Right away things were crap. Gem either wanted to throw her head down to eat or throw it in the air and zoom around tense and distracted. All I wanted to do was walk. For about 5-7 minutes we fought each other. I cursed her name and eventually told her I should sell her to an endurance home and get a horse that can do the simple things I enjoy doing…like walking, trotting and cantering safely and pleasantly at home.
Then I did something I have never done…I got firm. Not angry. Not rough. Not mean. Not unfair. Just firm. When I said halt I meant halt now, not in 20 feet when she decided to. When I said walk, I meant walk. Not jig, not trot, not stop and eat. Walk. Bend. Turn. Simple things that a 19 year old horse, having been ridden consistently and fairly for the last 7 years, should be able to do without issue. She isn’t green. She isn’t young.
I realized, up there on her while having no fun at all in those first minutes of the ride, that I no longer have the same horse under me as I did 7 years ago. She isn’t a delicate little egg that will crack and lose the last 2 months of trust I built up if I do one single thing wrong. She can handle the amount of pressure asking her to freaking halt puts on her without losing it. She just doesn’t want to because she has never had to. And that is my fault. I didn’t make the necessary shift in our relationship when it was time, likely 2+ years ago, and have been letting her get away with behaviors she shouldn’t have.
When I became firm with her, informed her that I do mean what I ask, she responded by fighting a bit but then listening. She halted. She walked off. She relaxed. When I finally decided it was time to trot, she picked it up and went around my 20ish meter circle nicely. If she tried to speed up, my half halt and sitting tall told her to slow it back down and maintain her rhythm. All I had to do was be clear, firm and consistent.
The next 40 minutes were a blast!
She floated around the hay field nicely and while she would get distracted at times by traffic or some such, she kept her pace, kept being relaxed and kept being rideable. We did figure 8s, 20 meter circles and larger circles around the perimeter of the area I was working in. She lowered her head, blew out and was a joy.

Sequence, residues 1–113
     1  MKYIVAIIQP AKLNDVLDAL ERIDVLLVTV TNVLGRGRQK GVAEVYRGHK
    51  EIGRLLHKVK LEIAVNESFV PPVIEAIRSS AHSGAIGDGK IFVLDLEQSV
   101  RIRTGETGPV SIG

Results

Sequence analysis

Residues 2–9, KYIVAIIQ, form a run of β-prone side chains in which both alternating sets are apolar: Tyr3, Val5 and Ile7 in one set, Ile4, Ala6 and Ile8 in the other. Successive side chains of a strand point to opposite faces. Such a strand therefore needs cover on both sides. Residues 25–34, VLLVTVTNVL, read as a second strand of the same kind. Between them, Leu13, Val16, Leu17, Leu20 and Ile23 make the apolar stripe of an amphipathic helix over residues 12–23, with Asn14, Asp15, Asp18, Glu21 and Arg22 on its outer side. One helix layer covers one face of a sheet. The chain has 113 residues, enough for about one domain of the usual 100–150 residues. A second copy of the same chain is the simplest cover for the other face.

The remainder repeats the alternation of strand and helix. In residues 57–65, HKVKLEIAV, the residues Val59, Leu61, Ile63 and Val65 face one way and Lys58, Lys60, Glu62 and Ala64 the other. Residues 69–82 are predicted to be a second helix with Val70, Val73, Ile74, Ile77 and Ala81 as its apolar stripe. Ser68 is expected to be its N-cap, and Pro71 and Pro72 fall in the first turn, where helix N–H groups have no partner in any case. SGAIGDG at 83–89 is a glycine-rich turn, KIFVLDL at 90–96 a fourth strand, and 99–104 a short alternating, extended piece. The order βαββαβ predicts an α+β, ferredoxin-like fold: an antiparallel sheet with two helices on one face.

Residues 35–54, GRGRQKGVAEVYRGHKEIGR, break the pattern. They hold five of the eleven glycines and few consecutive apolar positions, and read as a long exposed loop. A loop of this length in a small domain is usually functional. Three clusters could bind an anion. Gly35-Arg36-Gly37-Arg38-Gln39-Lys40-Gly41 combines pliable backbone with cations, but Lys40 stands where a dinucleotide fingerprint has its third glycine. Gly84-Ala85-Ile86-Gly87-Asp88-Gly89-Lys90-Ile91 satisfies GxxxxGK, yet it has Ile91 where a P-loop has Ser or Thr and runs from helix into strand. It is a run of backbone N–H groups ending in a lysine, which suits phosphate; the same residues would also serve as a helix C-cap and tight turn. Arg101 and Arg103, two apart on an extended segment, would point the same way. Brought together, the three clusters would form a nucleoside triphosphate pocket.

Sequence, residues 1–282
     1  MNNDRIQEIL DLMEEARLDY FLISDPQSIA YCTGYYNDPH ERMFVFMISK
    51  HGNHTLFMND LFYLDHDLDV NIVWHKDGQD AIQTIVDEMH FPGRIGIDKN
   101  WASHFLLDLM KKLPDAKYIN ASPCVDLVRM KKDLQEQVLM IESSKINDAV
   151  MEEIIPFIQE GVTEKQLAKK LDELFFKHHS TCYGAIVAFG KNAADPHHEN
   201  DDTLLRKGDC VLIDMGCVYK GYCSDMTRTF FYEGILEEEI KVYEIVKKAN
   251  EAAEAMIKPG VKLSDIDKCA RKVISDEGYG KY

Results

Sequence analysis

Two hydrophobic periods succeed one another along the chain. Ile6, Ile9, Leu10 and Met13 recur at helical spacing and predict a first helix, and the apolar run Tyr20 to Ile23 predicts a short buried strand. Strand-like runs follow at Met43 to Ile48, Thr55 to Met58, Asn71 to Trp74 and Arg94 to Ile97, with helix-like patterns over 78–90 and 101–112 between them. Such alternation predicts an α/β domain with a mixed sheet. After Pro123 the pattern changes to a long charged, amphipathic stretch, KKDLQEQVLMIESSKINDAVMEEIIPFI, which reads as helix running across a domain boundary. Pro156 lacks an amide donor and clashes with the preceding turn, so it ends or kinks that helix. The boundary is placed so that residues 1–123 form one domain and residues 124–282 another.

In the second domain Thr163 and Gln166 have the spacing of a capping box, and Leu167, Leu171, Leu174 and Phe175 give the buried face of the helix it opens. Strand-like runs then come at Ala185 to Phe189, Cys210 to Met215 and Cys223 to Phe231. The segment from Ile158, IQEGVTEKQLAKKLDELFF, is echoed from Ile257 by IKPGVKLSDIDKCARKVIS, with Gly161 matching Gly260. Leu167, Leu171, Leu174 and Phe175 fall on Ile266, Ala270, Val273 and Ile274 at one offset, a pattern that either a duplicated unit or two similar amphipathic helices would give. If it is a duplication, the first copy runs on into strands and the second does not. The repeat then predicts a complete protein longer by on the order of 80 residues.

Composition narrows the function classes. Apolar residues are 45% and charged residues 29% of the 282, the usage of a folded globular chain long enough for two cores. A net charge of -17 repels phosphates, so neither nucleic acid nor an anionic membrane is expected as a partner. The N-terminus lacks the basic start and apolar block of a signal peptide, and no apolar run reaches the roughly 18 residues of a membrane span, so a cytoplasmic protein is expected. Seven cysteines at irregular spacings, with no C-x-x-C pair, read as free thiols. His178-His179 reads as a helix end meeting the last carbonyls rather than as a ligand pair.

Just when I was beginning to think about working on that canter, she began to turn her head and bite at my leg. I asked her to move on, but she was clearly trying to tell me something. I listen to my horse when able and she is very honest about her feelings, so abnormal behavior such as this is typically her telling me something is off.
I hopped down worried that the girth was pinching her and noted that she was slathered in white foamy sweat. If there is one thing that my Princess hates, it is to be sweaty and here she was lathered! I chuckled at her sad expression and disdain for sweat and called it a day. We had been working pretty hard for 45 minutes and were both hot and sweaty. She had been fantastic and I had learned a valuable lesson.
It is time to hold Gem more accountable for her actions under saddle and quit thinking of her the way I did when she was mentally breakable. Being fair, but firm really helped change the dynamic we had Saturday afternoon.
Thankfully my mom was up next and she almost always picks a winner.
A book with a subtitle: Saving Simon: How a rescue donkey taught me the meaning of compassion by Jon Katz
Simon is living in a filthy pen made for a pig with wire mesh walls and a pallet shelter only a foot or two off the ground. One day he lays down and puts his head under it for shelter against a cold rain and can’t get back up. His owner ignores him hoping he will die and it is only the love of the farmer’s son who throws handfuls of stolen hay by his head and eventually calls animal rescue that saves his life.
Jon acquires Simon from the rescue the day after he is freed from his prison and takes on the rule of physician, therapist and owner. Jon owns 90 acres in upstate New York, writes about animals for a living and has two other donkeys. He works hard at bringing Simon back from the brink and together they tackle the world.
This novel is an easy read and took two sittings to get it done. It wasn’t as heart wrenching as I feared it would be and actually has a happy ending – all good things.
While on the outside the book is about bringing a rescue donkey in, the narrative is really about Jon’s wrestling with the conception of compassion and mercy. His questions are thought provoking.
Why is it so easy to be compassionate towards a cute animal, say a donkey, but not an ugly one like an alligator?
Why are so many people who are in the business of animal rescue so incredibly cruel to fellow humans?
Are you truly a compassionate person if you extend it only towards those you like, agree with or need?
Does the farmer, fallen on hard times and unable to feed the donkey, in as much need of compassion as the donkey himself? Should we quickly condemn him?
What is mercy? In today’s world of increasing life spans and holding on tightly, is it more merciful to just let go?